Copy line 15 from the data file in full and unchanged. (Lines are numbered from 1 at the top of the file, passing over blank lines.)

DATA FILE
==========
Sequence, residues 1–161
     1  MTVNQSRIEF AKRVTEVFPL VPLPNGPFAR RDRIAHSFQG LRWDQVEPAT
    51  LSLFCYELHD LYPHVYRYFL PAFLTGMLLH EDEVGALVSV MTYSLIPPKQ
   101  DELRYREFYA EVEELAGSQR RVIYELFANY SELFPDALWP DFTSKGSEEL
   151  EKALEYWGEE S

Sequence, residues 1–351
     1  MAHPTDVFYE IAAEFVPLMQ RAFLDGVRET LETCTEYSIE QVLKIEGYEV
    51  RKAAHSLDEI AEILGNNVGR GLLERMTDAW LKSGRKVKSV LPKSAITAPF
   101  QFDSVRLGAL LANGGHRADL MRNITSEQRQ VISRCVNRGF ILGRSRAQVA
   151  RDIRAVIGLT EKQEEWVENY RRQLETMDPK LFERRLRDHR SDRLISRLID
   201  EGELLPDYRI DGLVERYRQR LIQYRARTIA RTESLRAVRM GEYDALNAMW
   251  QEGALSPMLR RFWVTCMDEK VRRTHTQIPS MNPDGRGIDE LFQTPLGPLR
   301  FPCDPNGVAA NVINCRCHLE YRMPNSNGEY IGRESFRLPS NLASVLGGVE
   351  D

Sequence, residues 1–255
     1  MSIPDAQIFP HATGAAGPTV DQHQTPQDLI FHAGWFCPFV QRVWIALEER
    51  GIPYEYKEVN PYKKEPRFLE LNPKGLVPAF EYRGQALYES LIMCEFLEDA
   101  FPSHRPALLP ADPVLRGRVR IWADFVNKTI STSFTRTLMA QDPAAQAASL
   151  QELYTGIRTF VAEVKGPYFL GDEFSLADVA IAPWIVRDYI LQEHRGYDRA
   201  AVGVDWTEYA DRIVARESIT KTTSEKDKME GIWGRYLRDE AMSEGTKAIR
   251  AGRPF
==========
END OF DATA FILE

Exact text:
Sequence, residues 1–255